September is National Food Safety Education Month and STOP Foodborne Illness (www.stopfoodborneillness.org), the leading national advocate for safe food, is shining the spotlight on ways to keep school lunches safe. Keep your kids healthy with these tips.
- Keep in mind the bacteria danger zone. Bacteria grow rapidly in the temperature “danger zone” of 40-140° F.
- Wash your hands. When preparing lunches, wash your hands thoroughly and keeping all surfaces you’re working on clean. Use this as an opportunity to explain the importance of hand-washing in preventing foodborne illness.
- Use an insulated lunch box. Whether hard-sided or soft, this helps keep cold foods cold and hot foods hot until it’s time to eat them. Food safety experts agree: This is a “must have” item. Using an insulated box will help keep your child’s food out of the bacteria “danger zone.”
- Use ice packs. Another “must have”, these inexpensive items are vital for keeping cold foods cold. You can pick them up for about $1 each.
- Use an insulated thermos. This keeps hot foods hot, like soups, chili, or mac and cheese.
- Freeze drinks before packing. Frozen milk, juice boxes, and water bottles will help keep the drinks cold, along with other cold foods you’ve packed. Frozen items will melt during morning classes and be ready for drinking at lunch.
- Pack hot foods while hot. Don’t wait for hot foods to cool down before packing. Instead, pour piping hot foods like soups immediately into an insulated thermos. You can also preheat your thermos by filling it with boiling water, letting it sit for a few minutes, pouring out the water, and then adding your hot food.
- Wash and separate fresh fruits/veggies. Wash produce thoroughly before packing in plastic containers to keep them away from other foods. After washing, dry produce with a clean cloth towel or paper towel to further reduce bacteria that may be present on the surface.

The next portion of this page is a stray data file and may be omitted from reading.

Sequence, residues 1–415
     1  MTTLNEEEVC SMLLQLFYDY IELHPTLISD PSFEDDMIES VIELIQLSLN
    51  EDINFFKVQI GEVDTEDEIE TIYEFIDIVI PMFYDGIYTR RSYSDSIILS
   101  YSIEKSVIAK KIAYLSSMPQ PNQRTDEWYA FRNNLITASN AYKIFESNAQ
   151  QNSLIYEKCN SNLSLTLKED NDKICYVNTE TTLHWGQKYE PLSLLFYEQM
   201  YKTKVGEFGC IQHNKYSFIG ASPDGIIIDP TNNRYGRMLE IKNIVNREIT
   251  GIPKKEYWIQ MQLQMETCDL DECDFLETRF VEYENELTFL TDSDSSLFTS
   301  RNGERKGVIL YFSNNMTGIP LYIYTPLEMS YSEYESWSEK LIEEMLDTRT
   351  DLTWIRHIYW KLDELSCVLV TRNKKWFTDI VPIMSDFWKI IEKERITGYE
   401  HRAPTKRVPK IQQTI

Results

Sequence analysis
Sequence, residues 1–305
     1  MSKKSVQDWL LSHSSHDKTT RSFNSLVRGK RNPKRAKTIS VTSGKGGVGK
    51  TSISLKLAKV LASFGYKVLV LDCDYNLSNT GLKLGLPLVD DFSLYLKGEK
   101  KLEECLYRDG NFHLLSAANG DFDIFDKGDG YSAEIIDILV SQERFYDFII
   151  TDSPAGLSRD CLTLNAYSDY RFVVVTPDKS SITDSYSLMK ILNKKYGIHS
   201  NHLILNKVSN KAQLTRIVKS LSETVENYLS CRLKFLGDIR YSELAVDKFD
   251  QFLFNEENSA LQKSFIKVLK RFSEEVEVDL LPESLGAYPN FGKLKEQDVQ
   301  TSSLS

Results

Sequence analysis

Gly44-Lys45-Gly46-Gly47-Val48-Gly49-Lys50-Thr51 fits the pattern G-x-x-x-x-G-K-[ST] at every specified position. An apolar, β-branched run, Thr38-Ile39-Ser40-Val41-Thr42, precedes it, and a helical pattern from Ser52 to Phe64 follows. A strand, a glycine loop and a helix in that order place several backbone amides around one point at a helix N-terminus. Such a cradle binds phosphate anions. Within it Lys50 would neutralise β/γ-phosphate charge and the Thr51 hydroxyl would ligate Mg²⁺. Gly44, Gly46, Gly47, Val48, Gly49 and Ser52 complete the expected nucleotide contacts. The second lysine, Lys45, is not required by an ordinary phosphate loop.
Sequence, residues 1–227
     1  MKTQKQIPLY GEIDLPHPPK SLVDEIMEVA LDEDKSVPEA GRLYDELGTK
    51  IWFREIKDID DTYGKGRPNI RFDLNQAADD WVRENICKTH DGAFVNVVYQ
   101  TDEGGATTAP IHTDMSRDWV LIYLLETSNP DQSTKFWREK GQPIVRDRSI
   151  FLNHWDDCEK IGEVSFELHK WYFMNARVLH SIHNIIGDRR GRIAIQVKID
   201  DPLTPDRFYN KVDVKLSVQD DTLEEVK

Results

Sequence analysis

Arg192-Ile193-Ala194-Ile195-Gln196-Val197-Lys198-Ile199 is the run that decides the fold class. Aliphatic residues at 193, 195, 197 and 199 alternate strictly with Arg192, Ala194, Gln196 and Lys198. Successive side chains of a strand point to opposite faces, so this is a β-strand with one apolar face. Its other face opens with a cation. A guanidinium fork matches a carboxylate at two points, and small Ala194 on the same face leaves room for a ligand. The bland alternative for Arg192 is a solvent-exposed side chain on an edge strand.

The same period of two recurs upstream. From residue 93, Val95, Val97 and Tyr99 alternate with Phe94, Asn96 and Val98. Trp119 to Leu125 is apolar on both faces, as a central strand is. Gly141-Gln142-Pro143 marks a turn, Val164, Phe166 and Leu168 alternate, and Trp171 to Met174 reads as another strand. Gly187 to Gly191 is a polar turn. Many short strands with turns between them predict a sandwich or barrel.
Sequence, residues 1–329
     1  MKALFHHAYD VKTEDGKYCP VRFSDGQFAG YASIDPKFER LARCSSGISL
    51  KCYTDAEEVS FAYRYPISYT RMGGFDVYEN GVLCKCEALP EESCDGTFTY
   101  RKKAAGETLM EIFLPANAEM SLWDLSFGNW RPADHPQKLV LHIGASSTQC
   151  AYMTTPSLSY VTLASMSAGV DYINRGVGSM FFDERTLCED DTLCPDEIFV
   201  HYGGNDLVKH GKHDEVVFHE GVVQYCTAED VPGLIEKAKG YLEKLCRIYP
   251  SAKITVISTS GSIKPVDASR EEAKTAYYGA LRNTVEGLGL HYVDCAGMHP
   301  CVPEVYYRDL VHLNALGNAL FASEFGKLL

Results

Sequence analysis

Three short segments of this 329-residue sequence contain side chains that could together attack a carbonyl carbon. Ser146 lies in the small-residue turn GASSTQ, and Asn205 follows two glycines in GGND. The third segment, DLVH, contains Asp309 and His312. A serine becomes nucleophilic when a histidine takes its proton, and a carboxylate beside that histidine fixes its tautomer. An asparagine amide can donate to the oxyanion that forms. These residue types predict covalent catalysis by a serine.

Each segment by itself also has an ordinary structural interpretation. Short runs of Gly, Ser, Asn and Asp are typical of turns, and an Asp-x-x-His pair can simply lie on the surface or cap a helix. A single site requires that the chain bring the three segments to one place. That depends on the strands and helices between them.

- Use individual snack packs. Portions packed from larger bags of items like pretzels, chips, and cookies means potential exposure to bacteria from many hands that have been in and out of the bag. To help prevent the spread of germs, use individual-sized servings.
- Add room-temperature-safe foods. Use nonperishable items or foods that do not need refrigeration like peanut butter, jelly, cookies, crackers, chips, dried fruit, and certain whole fruits.
- Encourage your child to wash their hands. Before and after eating their lunch, stress how important it is to wash their hands. Hand-washing with soap and water is best, but wet wipes or hand sanitizer will work in a pinch.
- Avoid putting food on tables. Once kids are in the cafeteria, they shouldn’t put their food on the table. Pack a paper towel or some wax paper they can use instead.
- Explain the 5-second myth. Be sure your child knows that the “5-second rule” is a myth. Any food that touches the floor needs to be thrown away.
- Toss perishable food. To avoid foodborne illness, let your child know it is okay to throw away perishables like meat, poultry or egg sandwiches, if not eaten at lunchtime. Unopened, room-temperature-safe foods and uneaten fruit can be kept.